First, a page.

Knowing that children mimic what they see, we had reservations about mounting a Punch and Judy show since the characters engage in clubbing one another. It was originally played to adults who found this fierce slapstick very funny.
In trying to find different sources of humor for kids, we turned to fairytales. But Rumpelstiltskin and Jack and the Beanstalk aren’t comedies; Rumpelstiltskin is punished for forcing Queen Aurelia into an untenable situation, and Jack, in our version, rescues his uncle from insatiable materialism.
How about an 18th century farce? There are confusing situations, interesting language and amusing asides to the audience.
Captain Crook and the Missing Treasure fills the bill for this sort of humor; our “Pirates!” video is a testimony to it. One problem, only the grownups are laughing.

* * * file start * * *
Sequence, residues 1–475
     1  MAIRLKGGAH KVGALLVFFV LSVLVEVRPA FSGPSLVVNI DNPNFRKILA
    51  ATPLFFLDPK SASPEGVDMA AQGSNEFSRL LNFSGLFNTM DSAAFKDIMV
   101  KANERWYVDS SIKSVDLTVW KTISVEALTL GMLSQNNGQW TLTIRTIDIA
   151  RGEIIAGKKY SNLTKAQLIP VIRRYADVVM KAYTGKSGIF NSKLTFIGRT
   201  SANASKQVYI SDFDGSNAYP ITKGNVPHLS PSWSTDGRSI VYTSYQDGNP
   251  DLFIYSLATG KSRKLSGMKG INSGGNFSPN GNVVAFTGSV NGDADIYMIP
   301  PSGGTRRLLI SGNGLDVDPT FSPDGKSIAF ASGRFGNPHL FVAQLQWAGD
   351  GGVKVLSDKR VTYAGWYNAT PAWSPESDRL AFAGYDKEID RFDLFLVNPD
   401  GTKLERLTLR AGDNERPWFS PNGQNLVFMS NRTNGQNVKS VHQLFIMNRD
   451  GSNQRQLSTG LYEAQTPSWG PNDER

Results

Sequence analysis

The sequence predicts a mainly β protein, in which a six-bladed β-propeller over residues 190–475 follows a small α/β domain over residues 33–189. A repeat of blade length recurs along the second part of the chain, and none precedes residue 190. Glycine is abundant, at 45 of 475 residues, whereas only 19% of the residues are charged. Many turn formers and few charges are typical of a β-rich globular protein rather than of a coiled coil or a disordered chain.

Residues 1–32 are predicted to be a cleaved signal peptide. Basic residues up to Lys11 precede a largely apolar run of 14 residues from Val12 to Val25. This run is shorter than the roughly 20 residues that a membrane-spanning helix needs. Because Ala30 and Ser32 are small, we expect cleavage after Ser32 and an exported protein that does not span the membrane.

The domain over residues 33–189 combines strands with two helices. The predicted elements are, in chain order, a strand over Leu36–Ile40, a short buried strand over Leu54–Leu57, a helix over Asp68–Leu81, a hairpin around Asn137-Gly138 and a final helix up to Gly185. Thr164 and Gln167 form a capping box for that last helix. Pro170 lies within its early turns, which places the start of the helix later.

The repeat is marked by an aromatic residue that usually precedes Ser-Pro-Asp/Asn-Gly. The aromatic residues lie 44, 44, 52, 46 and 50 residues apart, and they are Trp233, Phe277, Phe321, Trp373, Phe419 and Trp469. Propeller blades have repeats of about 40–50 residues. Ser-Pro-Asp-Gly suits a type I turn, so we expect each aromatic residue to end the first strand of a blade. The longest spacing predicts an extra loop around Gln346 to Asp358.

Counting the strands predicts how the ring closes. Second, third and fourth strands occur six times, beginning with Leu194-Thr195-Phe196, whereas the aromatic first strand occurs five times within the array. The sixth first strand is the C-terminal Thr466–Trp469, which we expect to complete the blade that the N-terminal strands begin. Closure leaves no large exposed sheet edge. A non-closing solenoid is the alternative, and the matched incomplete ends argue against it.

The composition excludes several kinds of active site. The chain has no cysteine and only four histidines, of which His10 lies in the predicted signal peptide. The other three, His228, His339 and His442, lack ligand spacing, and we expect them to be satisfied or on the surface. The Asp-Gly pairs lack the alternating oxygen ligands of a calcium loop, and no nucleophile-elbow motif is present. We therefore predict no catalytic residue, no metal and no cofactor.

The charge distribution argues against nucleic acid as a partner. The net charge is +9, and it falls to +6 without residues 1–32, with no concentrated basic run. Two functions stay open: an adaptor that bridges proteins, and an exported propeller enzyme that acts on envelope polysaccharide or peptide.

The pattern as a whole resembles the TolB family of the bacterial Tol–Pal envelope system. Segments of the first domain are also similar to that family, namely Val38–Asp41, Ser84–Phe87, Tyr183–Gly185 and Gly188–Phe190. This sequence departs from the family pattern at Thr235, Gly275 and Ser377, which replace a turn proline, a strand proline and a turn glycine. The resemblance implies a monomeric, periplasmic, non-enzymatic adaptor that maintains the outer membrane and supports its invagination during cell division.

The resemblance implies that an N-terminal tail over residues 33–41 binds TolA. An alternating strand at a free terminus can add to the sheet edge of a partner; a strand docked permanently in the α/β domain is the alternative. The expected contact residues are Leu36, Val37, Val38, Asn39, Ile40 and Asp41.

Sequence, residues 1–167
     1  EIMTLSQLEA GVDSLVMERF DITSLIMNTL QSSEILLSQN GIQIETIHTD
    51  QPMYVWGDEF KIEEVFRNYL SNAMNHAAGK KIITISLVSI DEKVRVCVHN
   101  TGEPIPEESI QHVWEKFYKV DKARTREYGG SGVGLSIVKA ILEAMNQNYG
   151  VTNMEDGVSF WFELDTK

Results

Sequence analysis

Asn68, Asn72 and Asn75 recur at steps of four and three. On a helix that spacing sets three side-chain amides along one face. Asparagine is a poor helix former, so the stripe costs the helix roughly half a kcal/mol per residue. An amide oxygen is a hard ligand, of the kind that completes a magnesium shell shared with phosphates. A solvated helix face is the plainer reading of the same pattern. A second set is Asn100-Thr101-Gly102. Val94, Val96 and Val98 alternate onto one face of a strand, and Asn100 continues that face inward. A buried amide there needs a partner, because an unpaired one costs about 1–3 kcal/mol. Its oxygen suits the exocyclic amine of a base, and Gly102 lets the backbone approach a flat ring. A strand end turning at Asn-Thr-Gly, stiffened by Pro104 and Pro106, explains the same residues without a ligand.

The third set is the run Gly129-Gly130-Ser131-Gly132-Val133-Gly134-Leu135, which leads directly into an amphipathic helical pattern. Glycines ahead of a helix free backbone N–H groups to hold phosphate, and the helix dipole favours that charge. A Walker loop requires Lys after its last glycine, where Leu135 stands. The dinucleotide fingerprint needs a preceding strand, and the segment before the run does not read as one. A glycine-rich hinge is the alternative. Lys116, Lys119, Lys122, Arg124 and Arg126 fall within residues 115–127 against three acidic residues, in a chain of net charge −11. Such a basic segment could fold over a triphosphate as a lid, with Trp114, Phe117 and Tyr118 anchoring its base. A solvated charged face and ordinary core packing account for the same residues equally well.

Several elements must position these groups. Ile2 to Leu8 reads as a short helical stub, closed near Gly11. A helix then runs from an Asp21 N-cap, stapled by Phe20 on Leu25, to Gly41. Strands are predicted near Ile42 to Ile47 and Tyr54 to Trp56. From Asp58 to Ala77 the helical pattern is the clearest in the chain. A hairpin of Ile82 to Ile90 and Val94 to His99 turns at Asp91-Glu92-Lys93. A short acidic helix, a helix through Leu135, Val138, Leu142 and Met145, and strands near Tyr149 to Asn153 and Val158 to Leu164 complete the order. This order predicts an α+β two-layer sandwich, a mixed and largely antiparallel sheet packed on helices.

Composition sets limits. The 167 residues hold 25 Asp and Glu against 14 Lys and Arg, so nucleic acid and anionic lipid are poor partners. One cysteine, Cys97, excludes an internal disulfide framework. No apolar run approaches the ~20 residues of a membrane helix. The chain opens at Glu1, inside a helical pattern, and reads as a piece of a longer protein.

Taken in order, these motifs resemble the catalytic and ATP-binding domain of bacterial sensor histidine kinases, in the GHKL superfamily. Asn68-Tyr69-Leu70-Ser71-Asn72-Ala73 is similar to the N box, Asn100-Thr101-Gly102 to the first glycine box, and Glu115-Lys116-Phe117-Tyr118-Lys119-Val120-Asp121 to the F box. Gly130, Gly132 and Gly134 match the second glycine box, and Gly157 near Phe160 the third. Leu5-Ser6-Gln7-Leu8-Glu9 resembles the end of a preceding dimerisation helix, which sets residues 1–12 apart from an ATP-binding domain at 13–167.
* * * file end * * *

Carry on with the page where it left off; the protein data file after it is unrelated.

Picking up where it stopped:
So what makes children laugh? Trips to Family Stages and Storybook Musical Theater gave us the answer. It turned out to be the unintentional mishap.
This gentler, kinder type of slapstick is the first act of Mr. Meeney and the Hot Air Balloon. Mr. Meeney gets in the crossfire of Mike and Mary’s ball toss.
Next, he’s squirted with a hose. The third and funniest turned out to be Mary’s repeated and accidental knocking Meeney with a large tree limb. The tree limb idea comes from an experience in a fabric store where a patron was in line holding a long bolt of upholstery fabric.
As she turned to look out the storefront window, the bolt end knocked over a display. She then turned to see what caused the noise and in doing so, knocked over another. The funny part was that everybody knew what had happened except the patron.
I was that patron. Mission accomplished.
Robin and Susan Tafel, 215-441-4154, https://www.youtube.com/user/PennsWoodsPuppets.
PHOTO CAP: Making children laugh